College Basketball Players Who Haven't Scratched the Surface of Their Talent
First impressions are huge, but they're not everything. College basketball is a great example of this, as some of the best players in the country this past season didn't get their careers off monster starts.
Had they, frankly, they'd have left for the NBA a lot sooner.
National player of the year Buddy Hield averaged 7.8 points per game and shot only 23.8 percent from three-point range as a freshman, but by the time he was a senior he was unstoppable on offense. Denzel Valentine didn't average double figures in scoring until he was a sophomore, yet during the 2016-17 season he was a nightly triple-double threat. And Taurean Prince only played 6.4 minutes per game in his first college season.
What do all those players have in common? Each showed great promise and upside when they began college but it took a while before they showed their true ability. And each ended up as first-round draft picks by the time their careers were over.
Quite a few talented, NBA-worthy players made the smart decision to remain in school for 2016-17 including some who we've really yet to see much from. Don't expect this dormancy to continue, though.
Deng Adel, Louisville
Deng Adel was one of three top-50 players Louisville signed for 2015-16 but saw the least playing time of that trio last season. His 12.1 minutes per game were ninth-most among Cardinals who were available all year, despite getting eight starts as a true freshman, as a knee injury suffered early on slowed his progress.
Five of those starts came in Louisville's final five contests, as coach Rick Pitino looked toward the future knowing that a self-imposed ACC and NCAA tournament ban would make for a longer than expected offseason. In those five starts, the 6'7” Adel started strong with back-to-back 12-point games but couldn't maintain that level as he managed only 12 points in 54 minutes in his last three starts.
Fast forward about five months and Adel is seeing his stock soar. He recently participated in the Adidas Nations event in Los Angeles and according to DraftExpress he graded out as the best college player in the mix in terms of Estimated Wins Added.
"Adel has the physical tools to be an impactful college player, something that will earn him some NBA looks," DraftExpress' Julian Applebome wrote. "He still has a great deal of room for growth, as he learns how to play the game under control, and at a high level consistently."
Adel will battle with incoming freshman V.J. King for the starting small forward spot but may be more valuable as a sixth man.
OG Anunoby, Indiana
A quick scan of 2017 mock NBA drafts like the one from DraftExpress includes the usual suspects: lots of highly touted incoming freshmen and international players, along with a smattering of notable college prospects who opted to return to school. California sophomore forward Ivan Rabb is the highest-rated of that third subset, but the next-best one isn't nearly as well-known on a national scale.
OG Anunoby appeared in all but one of Indiana's 35 games last season but it was usually only for small stretches. He averaged 4.9 points, 2.6 rebounds and 13.7 minutes per game, not becoming a consistent part of the Hoosiers' playing rotation until January.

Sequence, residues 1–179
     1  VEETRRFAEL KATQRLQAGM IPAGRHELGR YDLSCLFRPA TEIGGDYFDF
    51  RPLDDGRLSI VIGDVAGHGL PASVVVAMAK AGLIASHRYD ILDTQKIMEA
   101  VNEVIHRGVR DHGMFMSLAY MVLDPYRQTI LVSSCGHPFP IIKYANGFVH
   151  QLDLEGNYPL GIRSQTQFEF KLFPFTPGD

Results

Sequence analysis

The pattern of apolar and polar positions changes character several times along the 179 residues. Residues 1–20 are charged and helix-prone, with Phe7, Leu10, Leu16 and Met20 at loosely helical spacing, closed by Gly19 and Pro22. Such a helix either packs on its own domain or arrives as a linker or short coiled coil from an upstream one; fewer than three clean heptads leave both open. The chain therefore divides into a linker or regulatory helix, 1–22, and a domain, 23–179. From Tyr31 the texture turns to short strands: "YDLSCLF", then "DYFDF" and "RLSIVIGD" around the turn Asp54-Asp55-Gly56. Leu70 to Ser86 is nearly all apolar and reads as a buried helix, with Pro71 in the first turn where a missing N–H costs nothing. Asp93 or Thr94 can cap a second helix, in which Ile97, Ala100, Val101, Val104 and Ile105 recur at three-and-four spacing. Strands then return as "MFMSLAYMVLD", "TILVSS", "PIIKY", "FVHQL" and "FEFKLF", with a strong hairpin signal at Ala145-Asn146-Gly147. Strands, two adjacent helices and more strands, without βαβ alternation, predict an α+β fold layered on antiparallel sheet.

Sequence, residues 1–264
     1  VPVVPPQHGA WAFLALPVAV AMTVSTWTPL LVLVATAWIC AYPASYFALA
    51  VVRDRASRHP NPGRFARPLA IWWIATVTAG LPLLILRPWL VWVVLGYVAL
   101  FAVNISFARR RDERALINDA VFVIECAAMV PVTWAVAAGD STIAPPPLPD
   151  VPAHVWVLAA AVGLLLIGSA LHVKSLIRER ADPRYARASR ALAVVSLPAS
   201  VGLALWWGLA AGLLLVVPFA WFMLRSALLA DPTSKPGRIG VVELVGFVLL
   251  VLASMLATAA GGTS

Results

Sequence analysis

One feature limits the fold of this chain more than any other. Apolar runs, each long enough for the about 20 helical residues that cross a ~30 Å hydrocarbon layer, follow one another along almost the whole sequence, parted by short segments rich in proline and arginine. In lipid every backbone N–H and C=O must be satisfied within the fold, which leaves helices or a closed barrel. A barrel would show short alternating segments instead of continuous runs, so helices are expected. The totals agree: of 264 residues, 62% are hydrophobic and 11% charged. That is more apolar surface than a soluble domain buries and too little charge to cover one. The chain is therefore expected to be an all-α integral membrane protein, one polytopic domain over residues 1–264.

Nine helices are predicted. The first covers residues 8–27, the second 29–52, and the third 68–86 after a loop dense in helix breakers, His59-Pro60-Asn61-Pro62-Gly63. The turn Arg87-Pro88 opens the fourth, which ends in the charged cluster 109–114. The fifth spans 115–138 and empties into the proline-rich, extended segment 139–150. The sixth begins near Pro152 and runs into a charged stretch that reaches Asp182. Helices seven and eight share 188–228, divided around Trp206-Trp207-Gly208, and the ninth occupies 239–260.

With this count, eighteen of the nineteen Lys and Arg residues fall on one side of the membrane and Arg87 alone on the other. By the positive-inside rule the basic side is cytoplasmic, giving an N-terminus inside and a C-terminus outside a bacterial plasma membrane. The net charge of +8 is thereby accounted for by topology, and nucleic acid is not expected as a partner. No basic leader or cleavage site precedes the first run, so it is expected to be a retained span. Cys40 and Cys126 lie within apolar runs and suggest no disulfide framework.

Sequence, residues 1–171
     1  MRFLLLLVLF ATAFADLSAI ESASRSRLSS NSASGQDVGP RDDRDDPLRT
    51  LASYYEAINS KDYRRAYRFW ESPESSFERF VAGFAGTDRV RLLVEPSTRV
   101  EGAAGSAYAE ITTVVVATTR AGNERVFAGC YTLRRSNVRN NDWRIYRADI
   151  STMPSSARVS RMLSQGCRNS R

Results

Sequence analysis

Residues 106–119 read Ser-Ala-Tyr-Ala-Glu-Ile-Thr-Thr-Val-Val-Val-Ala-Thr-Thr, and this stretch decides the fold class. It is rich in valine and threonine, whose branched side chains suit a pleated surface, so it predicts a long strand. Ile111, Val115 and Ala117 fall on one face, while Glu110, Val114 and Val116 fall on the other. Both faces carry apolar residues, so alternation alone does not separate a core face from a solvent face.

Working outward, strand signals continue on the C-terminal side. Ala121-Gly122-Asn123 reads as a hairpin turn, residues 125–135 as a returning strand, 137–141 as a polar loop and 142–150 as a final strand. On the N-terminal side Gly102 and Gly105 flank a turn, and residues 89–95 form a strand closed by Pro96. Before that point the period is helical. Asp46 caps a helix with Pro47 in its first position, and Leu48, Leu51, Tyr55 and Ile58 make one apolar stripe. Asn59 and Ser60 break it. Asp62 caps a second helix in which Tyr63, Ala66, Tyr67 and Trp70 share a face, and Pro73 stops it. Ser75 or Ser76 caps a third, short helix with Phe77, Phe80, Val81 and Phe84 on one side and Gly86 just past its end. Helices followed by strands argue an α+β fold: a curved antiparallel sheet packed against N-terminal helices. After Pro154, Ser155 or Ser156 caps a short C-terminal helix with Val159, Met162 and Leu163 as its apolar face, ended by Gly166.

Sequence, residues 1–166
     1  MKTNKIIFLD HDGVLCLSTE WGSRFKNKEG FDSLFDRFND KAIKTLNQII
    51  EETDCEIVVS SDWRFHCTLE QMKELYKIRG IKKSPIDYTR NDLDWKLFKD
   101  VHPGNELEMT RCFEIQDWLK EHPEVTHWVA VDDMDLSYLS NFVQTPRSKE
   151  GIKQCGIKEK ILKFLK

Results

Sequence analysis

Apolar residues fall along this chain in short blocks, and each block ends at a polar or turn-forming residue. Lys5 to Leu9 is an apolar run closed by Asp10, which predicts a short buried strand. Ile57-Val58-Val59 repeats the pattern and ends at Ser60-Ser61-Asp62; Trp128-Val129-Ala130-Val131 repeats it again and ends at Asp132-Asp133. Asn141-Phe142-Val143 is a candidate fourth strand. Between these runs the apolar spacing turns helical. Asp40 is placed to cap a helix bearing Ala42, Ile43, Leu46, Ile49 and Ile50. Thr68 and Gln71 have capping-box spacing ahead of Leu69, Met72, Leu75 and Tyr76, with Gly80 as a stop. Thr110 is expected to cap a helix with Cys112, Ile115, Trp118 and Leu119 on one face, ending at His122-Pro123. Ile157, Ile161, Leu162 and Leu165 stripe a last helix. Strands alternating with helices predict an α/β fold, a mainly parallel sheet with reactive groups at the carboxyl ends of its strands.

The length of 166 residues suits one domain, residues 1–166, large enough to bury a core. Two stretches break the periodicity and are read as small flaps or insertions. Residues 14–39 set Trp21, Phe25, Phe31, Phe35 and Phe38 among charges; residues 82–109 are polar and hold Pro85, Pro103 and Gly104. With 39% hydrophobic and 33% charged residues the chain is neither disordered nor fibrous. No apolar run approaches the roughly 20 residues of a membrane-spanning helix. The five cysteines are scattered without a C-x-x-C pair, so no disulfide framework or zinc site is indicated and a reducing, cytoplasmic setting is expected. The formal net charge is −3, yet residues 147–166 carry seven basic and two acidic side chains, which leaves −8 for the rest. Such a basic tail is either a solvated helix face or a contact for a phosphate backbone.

What the 6'8” Anunoby lacked in raw statistics he made up for in effort and athleticism, as Bleacher Report's Kerry Miller noted bringing a "wow factor" that the rest of Indiana's lineup was lacking.
"Now that we've seen what he can do in small chunks, the expectation/hope is that he'll contribute at a higher capacity and frequency with Yogi Ferrell and Troy Williams out of the picture," Miller wrote. "If he does, Indiana has a good chance of repeating as Big Ten champs."
Carlton Bragg, Kansas
Since Joel Embiid's stellar freshman year in 2013-14, Kansas has been searching in vain for that next great big man. Coach Bill Self has recruited several promising frontcourt prospects to Lawrence since then but most haven't panned out, at least in terms of collegiate production.
We'll never know what Cliff Alexander or Cheick Diallo would be able to do with a little more seasoning, since each left college after one season. Carlton Bragg could have taken the same route after a lightly used freshman year in 2015-16, but by sticking around he puts himself in position to have a much more significant role with the Jayhawks.
The No. 24 player in the 2015 class and the sixth-best power forward, Bragg averaged 8.9 minutes per game, but extrapolated over a full 40 he'd have averaged 17 points and 11.1 rebounds thanks to 56.1 percent shooting and a 13.6 percent offensive rebounding rate that was second-best on the team. And that was while playing at 6'9” and 220 pounds, while this summer he's looking closer to 6'11” according to KUSports.com's Tom Keegan.
It'll again be a crowded frontcourt with senior Landen Lucas back and 7'0", 270-pound freshman Udoka Azubuike also in the mix. Bragg won't suddenly see his minutes jump to 25 or 30 per game but he will get more opportunities to show how he has progressed.
Jalen Brunson, Villanova
Villanova is the reigning NCAA champion thanks to a balanced lineup that saw four players average 10 or more points per game and seven log 20 or more minutes. And that was with arguably the most talented player on the roster playing a relatively minor role.